Alexander Campbell, one of the early leaders in the Restoration Movement, looked through the lenses of early American culture and viewed leadership in much the same vein as national government. In Campbell’s mind, the eldership stood in relationship to a local congregation much as the Senate does to the nation. Campbell related the deacons to the House of Representatives. Like many Baptists of his day, Campbell referred to the evangelist as “the Bishop.” In Campbell’s mind, “the Bishop” could also be called the congregation’s “President” or “Presider.”
Many Christian Churches accepted Campbell’s view without question. When industrial corporations developed, the church again caved in to culture and developed church boards. These boards, acting much like “boards of directors” guided the corporation. Just as the “directors” answered to the stockholders, the church board answered to the congregation. The idea developed that just as the corporation board existed to show a profit for the stockholders, the church board existed to make sure the church provided appropriate services for its members.
Nothing could be farther from biblical truth. According to the New Testament, the church is the only organization in the world that exists for others. The church’s purpose is to reach the lost! Nothing more, nothing less! To accomplish that goal, the church’s leadership must equip its members for service (train), care for those who are hurt and “injure” (shepherd), and guide the church in fulfilling its purpose (oversee).
Another mistake Christian Churches often make is the view that elders are responsible only for a church’s spiritual welfare while the deacons (or trustees) are responsible for financial matters. The fact is, biblical elders are responsible for overseeing all facets of a church’s life and work. If you look at Acts 11:30, you’ll see that famine relief sent to the church in Jerusalem went to the elders for distribution. Therefore, the basic organizational chart for a church is not like this:
But it is like this:
(Responsibilities delegated by Elders)
The elders, therefore, is to have general oversight of the church (see 1 Timothy 5:17 and Hebrews 13:17), not as lord and dictator, but nevertheless with authority borne of function. An elder is to lead, guide, rule, steer the flock, set the course, discipline, and see the church through difficult situations. Elders are also to refute false teaching. That’s why an elder is to be “apt to teach” (1 Timothy 3:2). No one should be selected as elder who is unable to explain and defend biblical teaching.
What about the deacons? A deacon, by definition, is a servant. The word deacon derives from a Greek term meaning “table waiter.” If we take the events of Acts 6 as an example of the work of deacons—and that is debatable—we note that the Apostles asked the congregation to select seven men “who [were] known to be full of the Spirit and wisdom” (Acts 6:3). The Apostles turned the responsibility of determining a method and means of meeting the people’s needs to them (that’s delegation). Then they permitted them to see to it. While it is not explicitly stated, the fact that the Apostles delegated the responsibility to the seven implies the seven were accountable to the Apostles for fulfilling the task.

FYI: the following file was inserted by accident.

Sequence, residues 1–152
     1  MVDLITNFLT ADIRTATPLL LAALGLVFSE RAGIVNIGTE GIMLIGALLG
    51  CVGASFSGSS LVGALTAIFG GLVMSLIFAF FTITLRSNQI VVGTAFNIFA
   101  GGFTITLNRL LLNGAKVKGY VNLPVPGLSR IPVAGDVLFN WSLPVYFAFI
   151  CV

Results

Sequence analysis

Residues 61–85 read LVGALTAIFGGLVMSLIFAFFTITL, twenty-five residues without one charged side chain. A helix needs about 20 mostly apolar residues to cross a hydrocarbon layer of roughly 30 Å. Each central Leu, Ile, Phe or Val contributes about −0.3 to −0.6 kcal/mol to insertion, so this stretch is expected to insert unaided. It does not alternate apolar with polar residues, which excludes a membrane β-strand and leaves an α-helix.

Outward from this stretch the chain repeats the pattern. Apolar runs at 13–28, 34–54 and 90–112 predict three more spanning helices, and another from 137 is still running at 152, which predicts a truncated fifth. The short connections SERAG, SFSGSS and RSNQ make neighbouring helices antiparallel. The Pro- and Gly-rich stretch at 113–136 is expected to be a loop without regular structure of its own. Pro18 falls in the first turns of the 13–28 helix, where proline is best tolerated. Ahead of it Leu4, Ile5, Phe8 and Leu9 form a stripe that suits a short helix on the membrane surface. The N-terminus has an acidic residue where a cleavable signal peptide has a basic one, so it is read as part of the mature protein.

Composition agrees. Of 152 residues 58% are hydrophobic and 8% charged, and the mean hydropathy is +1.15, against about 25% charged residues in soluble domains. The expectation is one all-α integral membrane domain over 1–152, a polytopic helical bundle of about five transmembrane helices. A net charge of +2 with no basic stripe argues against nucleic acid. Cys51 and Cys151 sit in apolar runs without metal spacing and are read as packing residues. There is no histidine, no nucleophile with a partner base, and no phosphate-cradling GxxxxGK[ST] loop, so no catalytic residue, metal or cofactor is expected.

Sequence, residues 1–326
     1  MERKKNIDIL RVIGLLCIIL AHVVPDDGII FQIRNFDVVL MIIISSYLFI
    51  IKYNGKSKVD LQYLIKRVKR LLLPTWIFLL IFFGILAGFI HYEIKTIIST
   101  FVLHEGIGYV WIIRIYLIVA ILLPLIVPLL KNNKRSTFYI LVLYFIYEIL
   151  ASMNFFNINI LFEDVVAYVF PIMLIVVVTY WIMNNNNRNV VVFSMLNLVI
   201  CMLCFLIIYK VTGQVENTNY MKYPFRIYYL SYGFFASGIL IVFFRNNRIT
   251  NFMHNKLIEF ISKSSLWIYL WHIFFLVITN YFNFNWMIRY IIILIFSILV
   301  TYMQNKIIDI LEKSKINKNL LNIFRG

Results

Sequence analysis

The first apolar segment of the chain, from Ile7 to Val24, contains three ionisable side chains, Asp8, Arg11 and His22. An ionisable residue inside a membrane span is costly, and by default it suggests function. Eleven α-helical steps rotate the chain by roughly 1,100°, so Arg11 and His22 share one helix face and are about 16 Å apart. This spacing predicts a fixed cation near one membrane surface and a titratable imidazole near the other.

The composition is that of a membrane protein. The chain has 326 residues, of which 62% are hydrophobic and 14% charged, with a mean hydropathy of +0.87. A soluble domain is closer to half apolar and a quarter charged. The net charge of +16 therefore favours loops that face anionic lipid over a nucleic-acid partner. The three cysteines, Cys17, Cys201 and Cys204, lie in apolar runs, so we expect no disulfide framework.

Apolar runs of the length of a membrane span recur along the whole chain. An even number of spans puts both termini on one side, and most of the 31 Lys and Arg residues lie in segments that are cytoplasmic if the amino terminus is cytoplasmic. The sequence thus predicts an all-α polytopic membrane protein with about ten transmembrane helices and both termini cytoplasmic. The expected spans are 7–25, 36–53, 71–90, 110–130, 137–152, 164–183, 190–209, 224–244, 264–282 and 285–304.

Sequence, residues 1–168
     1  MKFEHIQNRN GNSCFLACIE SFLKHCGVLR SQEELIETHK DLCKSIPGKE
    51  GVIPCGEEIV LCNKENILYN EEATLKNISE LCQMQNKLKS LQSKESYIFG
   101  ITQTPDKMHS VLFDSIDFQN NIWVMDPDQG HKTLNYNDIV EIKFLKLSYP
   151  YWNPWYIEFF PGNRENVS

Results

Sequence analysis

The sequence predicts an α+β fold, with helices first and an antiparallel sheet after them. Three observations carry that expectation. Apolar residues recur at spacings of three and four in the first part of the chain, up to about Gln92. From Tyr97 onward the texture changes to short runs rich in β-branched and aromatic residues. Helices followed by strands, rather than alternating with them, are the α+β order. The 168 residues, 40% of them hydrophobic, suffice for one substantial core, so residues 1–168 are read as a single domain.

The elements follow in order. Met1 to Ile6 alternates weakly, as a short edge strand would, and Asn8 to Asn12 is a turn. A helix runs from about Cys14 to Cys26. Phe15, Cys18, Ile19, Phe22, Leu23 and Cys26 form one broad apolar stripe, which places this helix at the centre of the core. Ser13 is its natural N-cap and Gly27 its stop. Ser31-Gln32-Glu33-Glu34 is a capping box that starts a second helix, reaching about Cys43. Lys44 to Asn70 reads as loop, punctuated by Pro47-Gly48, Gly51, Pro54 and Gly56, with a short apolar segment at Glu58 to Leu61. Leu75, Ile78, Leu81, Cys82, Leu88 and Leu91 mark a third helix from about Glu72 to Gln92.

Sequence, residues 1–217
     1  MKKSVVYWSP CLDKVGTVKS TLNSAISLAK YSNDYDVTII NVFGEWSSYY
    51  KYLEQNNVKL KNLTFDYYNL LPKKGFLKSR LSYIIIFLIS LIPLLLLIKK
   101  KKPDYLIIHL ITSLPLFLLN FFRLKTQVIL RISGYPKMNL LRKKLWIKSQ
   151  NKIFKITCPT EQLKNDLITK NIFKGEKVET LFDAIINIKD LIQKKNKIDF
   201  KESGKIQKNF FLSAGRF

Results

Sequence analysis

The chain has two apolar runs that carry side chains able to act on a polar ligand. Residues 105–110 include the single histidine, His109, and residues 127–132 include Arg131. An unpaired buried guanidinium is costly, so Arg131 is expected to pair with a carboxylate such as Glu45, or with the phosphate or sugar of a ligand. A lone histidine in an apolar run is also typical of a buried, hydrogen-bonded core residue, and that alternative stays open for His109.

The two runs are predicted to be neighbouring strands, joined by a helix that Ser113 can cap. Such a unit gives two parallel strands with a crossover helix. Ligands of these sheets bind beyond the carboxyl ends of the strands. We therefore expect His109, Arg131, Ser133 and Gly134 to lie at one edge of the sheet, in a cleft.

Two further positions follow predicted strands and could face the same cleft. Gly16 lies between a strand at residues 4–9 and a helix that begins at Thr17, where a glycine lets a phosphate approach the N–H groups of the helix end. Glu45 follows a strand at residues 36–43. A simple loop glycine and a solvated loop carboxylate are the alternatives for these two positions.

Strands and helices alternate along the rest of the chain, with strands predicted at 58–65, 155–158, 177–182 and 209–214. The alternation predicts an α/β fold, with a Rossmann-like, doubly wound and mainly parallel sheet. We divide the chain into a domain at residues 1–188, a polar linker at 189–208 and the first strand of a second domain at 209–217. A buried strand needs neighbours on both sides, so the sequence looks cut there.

Neither the elder nor the deacon fills an “office.” The word “office” carries with it connotations the Bible does not teach. It is unfortunate that the King James Version of 1 Timothy 3:1 reads, “If a man desire the office of a bishop, he desireth a good work.” The word “office” is not in the text’s original language. Most newer translations have it right. The New International Version puts it, “If anyone sets his heart on being an overseer, he desires a noble task” (1 Timothy 3:1).
Elders and deacons fulfill leadership functions within a congregation. The elder fulfills a leadership function, the deacon fulfills a service function. Since these are functions (responsibilities) rather than offices, it is important to select by character traits (see 1 Timothy 3 and Titus 1) rather than other factors.
It is also important for the congregation to realize that elders are accountable to God for their work (see Hebrews 13:17 – they give an account to Christ). Too many individuals within congregations think these leaders should be accountable to them. While many individual members are well-intentioned, they often do not have the spiritual maturity or biblical understanding to recognize the difference between their preferences and biblical teaching. If their leaders are biblical knowledgeable and men of integrity, they are better suited to make decisions relating to the purpose, direction, and operation of the church.
It all boils down to a matter of trust. If the church selects spiritually qualified leaders—men of integrity, character, and spiritual depth—then trust them to do the right thing. Will they make mistakes? Yes they will. But if they are servants of Christ, they will not “lord it over you” but always do what they believe is in the best interests of the church. If you select men who are biblically ignorant and spiritually shallow, men who are not men of integrity or men with a servant’s heart, then you get what you deserve!
I know that’s a rough statement, but it is true. Churches do not take leadership selection seriously enough. Too many think you can push anyone into leadership. Poor choices in leadership have destroyed the effectiveness of all too many churches. Remember, everything rises or falls on leadership.